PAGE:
The Correct Procedures in Preparing Water Sample for Testing

Have you ever been concerned about your home water? If you are not satisfied with your water, you can simply bring the water sample to the local water lab, water-related business and see the detailed components of your water.

It is worth noticing that regardless of where or how analysis is performed, there are certain precautions that should be observed in preparing a water sample for shipment to a laboratory. Careless handling of a sample can produce highly misleading results.

lab equipment

To achieve valid results, the following steps should be taken:

  • Secure a container (16 oz. size preferable) of a type that will not permit contamination of the sample. Clean rubber stoppered, resistant glass bottles or polyethylene containers are recommended. A plastic screw-capped bottle may be used. It is advisable to use a new bottle for each test. If this is not possible, the bottle and cap should be washed in soap and water and thoroughly rinsed before use.
  • Before taking samples through metal lines and valves, first, allow sufficient flow of water to wash out the system.
  • Rinse the container thoroughly. Use the water that is to be analyzed for this purpose.
  • Fill the bottle to a point just below the shoulder. Leave just a little air space.
  • Immediately after filling the container, jot down all pertinent information regarding the water at the time the sample is taken. Facts to include: source of the sample; physical appearance of the water (clear, dirty, highly colored, etc.); odor, if any; taste as reported by the homeowner, if any.
  • Do not take the sample from a swing-type faucet. Inspect the faucet for leaks. Select another faucet if there is leaking. Disinfect the faucet with bleach or a flame.
  • Send the sample to the lab for testing.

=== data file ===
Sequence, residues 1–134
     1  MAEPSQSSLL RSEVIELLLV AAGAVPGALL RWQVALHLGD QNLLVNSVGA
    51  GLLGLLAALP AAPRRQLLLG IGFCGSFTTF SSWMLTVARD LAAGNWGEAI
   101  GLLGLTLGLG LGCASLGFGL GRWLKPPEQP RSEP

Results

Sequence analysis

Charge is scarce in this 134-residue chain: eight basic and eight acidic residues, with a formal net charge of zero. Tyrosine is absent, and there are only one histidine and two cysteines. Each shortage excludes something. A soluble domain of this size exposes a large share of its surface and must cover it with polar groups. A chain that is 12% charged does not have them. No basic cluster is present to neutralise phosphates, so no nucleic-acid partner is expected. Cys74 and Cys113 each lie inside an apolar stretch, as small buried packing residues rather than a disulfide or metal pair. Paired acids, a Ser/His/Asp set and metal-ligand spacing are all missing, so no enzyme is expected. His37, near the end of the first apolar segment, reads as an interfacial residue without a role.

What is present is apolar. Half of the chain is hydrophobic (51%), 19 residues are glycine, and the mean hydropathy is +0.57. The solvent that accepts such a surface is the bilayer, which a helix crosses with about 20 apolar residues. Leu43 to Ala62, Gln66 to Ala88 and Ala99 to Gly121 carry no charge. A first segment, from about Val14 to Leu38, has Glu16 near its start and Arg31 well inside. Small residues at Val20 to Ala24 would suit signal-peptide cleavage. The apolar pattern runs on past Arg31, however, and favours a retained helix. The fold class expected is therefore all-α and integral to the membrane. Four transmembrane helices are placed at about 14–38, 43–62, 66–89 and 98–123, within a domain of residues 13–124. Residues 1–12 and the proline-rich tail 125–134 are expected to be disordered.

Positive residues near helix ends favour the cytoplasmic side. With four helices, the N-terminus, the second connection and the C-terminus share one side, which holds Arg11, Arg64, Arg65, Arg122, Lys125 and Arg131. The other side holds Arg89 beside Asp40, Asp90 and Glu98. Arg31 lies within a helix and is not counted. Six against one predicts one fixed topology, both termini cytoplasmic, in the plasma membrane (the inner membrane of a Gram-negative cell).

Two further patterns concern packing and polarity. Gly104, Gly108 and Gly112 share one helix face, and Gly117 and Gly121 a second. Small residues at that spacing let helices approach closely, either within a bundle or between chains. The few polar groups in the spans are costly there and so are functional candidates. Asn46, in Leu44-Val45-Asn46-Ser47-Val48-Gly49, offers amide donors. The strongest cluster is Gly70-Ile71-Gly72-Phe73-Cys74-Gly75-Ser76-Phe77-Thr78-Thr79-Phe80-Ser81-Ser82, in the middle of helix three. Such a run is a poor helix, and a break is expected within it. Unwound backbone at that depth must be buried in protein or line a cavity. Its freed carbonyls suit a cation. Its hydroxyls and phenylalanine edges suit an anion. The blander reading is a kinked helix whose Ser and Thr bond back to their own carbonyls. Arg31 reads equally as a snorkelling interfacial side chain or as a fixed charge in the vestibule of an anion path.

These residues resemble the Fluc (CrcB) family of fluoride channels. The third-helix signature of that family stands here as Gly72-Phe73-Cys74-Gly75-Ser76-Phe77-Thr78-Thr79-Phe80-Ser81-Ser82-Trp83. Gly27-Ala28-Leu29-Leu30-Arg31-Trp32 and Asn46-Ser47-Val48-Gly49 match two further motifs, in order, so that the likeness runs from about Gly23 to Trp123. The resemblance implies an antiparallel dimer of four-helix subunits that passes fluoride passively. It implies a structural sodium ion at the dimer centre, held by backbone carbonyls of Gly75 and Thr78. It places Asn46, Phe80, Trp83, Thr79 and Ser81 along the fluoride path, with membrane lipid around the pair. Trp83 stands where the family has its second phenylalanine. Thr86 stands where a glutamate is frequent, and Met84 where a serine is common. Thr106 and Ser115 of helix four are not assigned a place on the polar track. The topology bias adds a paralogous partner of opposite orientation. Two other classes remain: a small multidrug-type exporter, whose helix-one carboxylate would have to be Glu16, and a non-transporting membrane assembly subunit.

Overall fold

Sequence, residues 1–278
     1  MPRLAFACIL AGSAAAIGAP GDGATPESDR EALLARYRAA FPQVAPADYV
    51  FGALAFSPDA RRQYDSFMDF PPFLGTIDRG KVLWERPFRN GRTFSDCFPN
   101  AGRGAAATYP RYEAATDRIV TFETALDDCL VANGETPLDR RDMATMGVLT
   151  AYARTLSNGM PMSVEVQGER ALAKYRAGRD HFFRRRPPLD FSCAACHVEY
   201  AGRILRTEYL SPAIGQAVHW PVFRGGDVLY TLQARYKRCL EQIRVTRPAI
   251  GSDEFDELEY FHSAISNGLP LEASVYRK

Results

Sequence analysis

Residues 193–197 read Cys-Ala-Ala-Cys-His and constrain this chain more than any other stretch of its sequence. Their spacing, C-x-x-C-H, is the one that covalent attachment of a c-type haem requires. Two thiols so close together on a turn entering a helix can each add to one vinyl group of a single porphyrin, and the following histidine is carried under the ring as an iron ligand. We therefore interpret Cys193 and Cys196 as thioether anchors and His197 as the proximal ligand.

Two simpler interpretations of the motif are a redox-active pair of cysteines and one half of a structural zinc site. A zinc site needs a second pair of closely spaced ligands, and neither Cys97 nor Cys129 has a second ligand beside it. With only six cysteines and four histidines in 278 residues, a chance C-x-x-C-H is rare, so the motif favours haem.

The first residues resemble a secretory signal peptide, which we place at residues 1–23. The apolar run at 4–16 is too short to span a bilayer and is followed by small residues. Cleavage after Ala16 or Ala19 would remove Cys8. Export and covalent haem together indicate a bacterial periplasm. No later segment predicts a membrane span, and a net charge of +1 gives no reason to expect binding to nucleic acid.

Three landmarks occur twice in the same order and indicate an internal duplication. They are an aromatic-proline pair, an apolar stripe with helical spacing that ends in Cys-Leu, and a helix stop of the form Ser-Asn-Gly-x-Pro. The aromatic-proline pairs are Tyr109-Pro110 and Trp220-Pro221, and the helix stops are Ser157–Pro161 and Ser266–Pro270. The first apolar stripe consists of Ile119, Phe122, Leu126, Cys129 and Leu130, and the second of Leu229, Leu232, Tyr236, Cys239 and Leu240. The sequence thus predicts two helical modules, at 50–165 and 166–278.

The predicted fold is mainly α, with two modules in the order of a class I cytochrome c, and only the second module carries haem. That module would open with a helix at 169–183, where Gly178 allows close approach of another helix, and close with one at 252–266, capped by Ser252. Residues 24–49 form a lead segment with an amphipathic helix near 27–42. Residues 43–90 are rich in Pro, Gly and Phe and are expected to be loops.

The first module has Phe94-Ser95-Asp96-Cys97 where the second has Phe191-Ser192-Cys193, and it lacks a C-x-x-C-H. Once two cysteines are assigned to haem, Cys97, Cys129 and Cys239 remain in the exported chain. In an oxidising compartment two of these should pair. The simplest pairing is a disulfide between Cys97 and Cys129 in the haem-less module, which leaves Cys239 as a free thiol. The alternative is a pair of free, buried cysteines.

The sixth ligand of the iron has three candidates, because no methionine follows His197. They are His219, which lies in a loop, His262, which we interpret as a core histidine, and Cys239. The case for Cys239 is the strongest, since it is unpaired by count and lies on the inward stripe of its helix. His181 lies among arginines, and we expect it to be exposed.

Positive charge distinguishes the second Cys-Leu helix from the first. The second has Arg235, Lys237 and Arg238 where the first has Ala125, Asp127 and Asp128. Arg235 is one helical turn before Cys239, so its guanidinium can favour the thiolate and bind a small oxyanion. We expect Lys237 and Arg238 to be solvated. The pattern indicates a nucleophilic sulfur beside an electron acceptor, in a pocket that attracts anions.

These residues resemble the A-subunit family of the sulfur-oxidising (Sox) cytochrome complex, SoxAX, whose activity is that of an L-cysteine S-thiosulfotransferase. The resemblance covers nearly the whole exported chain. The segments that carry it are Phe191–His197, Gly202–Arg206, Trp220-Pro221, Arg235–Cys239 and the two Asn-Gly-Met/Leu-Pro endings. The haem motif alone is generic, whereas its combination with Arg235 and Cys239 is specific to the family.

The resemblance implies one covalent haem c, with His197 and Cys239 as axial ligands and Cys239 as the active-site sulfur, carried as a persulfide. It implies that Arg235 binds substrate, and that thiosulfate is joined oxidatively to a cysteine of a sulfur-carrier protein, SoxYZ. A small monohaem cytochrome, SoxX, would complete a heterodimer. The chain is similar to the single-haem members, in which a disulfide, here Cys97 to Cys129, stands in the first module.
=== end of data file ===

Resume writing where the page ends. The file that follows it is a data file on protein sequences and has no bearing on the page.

• If needed, store the sample in the refrigerator before taking it to the lab.

A water sample needs to be submitted to the lab within 48 hours of collection. In some cases, it must be kept cold prior to testing. Care must be taken to prevent anything but the water from contacting the inside of the bottle or the cap. Contaminants are often present in small amounts. Careless sampling prevents accurate test results.

Testing for Volatile Organic Chemicals

When collecting a sample to be tested for volatile organic chemicals these additional steps should be followed:

  • Reduce water flow to prevent excess air in the sample.
  • Remove all air from the collection bottle by filling it to almost overflowing. Again, timeliness and cleanliness are extremely important to prevent false results.
  • Testing for Pesticides

Samples for pesticide testing must be taken so they will not deteriorate or become contaminated before reaching the lab. Contact the lab testing the sample for complete instructions and a collection kit. Specific steps needed when testing for pesticides include:

  • Collect the sample only in the amber-colored bottle provided. The dark glass prevents light from degrading the sample.
  • Cap the bottle with the Teflon-coated lid. The special lid prevents false-positive results caused by certain plastics.
  • Keep the sample refrigerated, preferably 35 degrees to 38 degrees, and submit it to the lab within 48 hours. If shipping the sample, pack the sample in ice and ship in a Styrofoam or other insulated container.

Is a "complete" water analysis necessary in every case? Definitely not! In many cases, a "complete" analysis would be unwarranted. Where an unusual situation exists, it is perhaps wise to make a "complete" analysis of the water. Such tests when completed would give information on such chemical contaminants as those listed in the EPA Interim Primary Drinking Water Regulations, and others such as alkalinity, sodium, sulfates, chlorides, tastes, odors, turbidity, and color in addition to hardness, iron, pH, etc.

After a water analysis has been made, there is still a need for corrective action.

Sound treatment is a matter of judgment based on know-how, experience, and the particular requirements of the individual owner in each case. Often a water analysis will reveal conditions that might be treated in one of several possible ways. In many cases, there may not be anyone the best possible answer. Several solutions may be satisfactory depending on the factors involved.

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